Investigates the economic methodologies of Carl Menger, William Stanley Jevons and Gustav Schmoller with respect to the issue of whether mathematics is or is not an adequate language to express

Methodological monism and methodological pluralism in economics

The aim of the paper is to give an outline of the relation between general epistemology and the epistemology of economics. The epistemology of economics can be treated starting from the ‘general

Sraffian indeterminacy: a critical discussion

This paper is aimed at discussing Mandler's interpretation of Sraffa's price theory. In particular we will analyse Mandler's idea that an institutional determination of distribution, suggested by


Abstract: This paper is aimed at discussing Mandler’s interpretation of Sraffa’s price theory. In particular we will analyse Mandler’s idea that an institutional determination of distribution,

Methodological Monism in Economics

The aim of the paper is to give an outline of the relation between general epistemology and the epistemology of economics. The epistemology of economics can be treated starting from the 'general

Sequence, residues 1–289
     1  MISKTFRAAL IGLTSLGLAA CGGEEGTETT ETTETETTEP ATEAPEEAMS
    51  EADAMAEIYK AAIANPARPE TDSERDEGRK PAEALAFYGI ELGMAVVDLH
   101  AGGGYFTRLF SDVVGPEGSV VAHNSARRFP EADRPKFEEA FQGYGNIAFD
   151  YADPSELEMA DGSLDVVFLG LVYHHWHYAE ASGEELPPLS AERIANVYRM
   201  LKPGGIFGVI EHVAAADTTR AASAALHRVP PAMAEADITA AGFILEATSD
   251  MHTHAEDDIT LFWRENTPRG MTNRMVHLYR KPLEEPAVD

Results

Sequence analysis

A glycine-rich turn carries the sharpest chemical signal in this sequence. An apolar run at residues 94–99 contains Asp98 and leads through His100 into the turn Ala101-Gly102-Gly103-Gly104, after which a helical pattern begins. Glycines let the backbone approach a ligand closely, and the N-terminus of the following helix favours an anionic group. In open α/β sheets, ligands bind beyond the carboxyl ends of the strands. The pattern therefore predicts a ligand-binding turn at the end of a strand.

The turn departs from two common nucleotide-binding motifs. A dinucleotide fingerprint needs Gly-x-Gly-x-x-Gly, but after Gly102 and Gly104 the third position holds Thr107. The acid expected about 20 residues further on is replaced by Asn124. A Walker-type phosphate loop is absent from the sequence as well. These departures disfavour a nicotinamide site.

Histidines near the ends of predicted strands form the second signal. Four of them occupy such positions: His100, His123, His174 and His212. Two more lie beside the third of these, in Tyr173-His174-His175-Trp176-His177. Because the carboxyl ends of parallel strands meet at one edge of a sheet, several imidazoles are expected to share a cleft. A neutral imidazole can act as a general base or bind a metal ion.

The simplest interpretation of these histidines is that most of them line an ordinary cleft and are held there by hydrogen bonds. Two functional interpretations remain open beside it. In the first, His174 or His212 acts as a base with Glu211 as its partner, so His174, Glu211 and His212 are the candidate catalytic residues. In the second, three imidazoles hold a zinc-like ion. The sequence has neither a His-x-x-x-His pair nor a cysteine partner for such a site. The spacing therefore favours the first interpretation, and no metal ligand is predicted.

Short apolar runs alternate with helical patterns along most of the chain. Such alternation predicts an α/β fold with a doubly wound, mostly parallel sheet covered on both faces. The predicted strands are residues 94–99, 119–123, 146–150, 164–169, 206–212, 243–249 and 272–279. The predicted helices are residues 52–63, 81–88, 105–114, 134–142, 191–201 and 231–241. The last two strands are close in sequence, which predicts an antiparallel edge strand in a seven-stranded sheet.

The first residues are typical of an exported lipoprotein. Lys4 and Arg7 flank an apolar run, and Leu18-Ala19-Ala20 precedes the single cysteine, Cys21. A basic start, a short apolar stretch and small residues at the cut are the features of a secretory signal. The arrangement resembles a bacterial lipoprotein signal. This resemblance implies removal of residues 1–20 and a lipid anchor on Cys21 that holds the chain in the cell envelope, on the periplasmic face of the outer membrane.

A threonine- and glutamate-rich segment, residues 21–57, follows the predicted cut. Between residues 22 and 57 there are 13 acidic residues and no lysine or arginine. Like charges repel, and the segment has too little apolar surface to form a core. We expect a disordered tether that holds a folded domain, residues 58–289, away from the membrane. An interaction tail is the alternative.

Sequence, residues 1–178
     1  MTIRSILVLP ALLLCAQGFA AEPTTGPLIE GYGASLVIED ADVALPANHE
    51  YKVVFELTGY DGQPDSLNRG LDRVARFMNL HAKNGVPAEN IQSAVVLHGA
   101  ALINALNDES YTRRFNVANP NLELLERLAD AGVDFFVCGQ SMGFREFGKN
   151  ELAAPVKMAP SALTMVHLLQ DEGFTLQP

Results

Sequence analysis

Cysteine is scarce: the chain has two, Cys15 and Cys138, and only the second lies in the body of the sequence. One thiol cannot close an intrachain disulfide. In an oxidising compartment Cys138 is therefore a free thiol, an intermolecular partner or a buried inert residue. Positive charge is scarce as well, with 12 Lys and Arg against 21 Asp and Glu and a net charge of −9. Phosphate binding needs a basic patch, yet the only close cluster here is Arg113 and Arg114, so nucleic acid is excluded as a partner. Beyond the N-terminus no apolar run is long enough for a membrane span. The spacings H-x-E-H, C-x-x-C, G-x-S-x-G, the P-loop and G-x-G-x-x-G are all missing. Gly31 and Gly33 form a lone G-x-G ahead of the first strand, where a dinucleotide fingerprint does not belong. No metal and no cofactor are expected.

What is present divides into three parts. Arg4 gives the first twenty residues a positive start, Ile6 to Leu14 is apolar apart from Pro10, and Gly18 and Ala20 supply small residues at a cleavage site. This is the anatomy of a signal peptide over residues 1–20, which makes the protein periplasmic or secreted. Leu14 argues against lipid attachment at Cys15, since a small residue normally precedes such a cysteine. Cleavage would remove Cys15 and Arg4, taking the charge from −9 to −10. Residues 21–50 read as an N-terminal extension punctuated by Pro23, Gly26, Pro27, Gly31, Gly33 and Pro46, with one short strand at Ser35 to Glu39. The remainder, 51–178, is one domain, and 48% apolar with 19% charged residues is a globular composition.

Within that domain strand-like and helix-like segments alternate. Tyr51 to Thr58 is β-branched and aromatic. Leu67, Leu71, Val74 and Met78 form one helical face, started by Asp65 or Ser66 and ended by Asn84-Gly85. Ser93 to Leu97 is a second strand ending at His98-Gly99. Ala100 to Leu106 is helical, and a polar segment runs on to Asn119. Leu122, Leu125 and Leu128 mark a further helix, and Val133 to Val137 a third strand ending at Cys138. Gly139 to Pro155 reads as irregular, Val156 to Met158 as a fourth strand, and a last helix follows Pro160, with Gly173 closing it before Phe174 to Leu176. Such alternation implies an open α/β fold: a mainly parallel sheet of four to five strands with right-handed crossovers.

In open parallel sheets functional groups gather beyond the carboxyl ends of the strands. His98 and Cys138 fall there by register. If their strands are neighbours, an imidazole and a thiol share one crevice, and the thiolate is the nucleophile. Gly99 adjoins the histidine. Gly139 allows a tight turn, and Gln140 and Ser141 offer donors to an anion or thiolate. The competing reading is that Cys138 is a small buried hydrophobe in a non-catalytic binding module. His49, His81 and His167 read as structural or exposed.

Michael Mandler, Dilemmas in Economic Theory: Foundational Problems of Microeconomics (Oxford and New York: Oxford University Press, 1999) pp. ix, 211, $35.00. ISBN 0 19 510087 5

  • R. Backhouse
  • History
    Journal of the History of Economic Thought
  • 2001
Hennings’ mild criticism (pp. 150, 182). Perhaps the in ̄ uence of SchaÈ Ze (Chapter 4) constitutes a rejection of Menger’s method and thus of the de® ning nature of the Austrian School. Indeed, if



Axiomatics in Economics

A correspondent who heard me talk last year about "Economics as an Inductive Science" interpreted me as saying "axiomatic theories are useless." Since I neither said nor intended to say anything of

Problems in the Philosophy of Mathematics

Written for teachers in training and liberal arts students taking a cultural mathematics course, this little book introduces the language and concepts of set theory and makes an introductory study of